On Saturday, from the Pennsylvania version of CPAC, National Journal reported as follows:
In 2006, Pennsylvania voters ended Rick Santorum’s Senate career. Six years later, could the Keystone State shut down his campaign for the Republican presidential nomination?
Home states have posed critical tests for GOP candidates this year, from Mitt Romney in his birth state of Michigan to Newt Gingrich in Georgia, the state he represented in Congress. Next month’s Pennsylvania primary is a must-win battle for Santorum in the state he served as a congressman and senator for 16 years.
If Santorum fails to win Pennsylvania’s April 24 primary – and there are signs he’s vulnerable here despite his longstanding ties to the state – it could puncture any hope he has of capturing his party’s presidential nomination. A primary race that had threatened to last until the summer could end more suddenly if front-runner Romney manages a Pennsylvania upset.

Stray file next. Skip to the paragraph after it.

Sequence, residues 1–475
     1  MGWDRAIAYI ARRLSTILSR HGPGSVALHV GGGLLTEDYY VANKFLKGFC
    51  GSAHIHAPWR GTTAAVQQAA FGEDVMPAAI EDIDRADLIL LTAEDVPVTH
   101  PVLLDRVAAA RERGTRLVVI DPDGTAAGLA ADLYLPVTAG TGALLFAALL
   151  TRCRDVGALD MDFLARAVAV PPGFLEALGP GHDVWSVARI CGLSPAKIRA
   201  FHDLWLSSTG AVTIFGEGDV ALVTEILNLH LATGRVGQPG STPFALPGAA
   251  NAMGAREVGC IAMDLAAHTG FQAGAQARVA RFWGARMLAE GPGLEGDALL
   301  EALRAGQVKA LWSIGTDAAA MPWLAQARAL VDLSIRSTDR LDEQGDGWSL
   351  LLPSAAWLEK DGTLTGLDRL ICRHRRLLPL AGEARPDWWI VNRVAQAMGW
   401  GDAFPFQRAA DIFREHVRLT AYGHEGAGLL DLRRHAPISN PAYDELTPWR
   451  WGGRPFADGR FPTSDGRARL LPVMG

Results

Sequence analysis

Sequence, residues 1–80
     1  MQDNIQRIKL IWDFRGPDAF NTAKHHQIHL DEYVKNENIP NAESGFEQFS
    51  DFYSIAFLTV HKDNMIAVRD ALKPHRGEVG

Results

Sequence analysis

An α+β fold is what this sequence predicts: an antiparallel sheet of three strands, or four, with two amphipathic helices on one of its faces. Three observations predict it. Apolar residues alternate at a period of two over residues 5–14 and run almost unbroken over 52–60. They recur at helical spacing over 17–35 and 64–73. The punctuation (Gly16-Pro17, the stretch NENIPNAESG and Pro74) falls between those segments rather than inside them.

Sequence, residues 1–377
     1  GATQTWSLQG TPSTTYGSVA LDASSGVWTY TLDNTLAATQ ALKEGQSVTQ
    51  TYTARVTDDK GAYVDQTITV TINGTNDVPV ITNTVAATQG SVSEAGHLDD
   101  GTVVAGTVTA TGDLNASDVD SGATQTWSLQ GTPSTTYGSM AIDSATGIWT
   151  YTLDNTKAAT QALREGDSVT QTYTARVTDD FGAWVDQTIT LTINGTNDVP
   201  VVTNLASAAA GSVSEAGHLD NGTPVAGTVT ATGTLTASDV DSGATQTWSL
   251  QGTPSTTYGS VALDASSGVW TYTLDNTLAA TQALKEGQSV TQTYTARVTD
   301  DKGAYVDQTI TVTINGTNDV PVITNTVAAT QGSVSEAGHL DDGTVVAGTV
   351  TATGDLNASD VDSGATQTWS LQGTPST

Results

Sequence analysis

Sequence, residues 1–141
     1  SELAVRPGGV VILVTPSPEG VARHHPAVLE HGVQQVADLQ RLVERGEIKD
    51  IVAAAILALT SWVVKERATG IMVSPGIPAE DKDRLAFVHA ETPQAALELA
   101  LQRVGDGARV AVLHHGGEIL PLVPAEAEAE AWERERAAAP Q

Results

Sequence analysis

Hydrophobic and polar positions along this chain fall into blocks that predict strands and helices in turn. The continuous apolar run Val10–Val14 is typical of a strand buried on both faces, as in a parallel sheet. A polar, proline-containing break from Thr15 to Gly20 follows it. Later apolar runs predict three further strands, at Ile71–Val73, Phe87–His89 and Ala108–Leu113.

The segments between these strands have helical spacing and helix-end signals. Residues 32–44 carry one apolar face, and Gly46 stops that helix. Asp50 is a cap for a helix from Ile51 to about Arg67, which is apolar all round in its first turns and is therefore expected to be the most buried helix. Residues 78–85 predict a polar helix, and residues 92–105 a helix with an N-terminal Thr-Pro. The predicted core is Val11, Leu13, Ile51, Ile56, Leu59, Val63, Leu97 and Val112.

“If Santorum loses Pennsylvania, it’s over,” said Lowman Henry, who hosted the annual gathering of Pennsylvania conservatives this past weekend at the Pennsylvania Leadership Conference, where Santorum spoke Saturday. “He might as well pull out the next day.”
Yesterday, as if on cue, a new poll by Franklin & Marshall College showed that the race is now tied. That’s a huge move.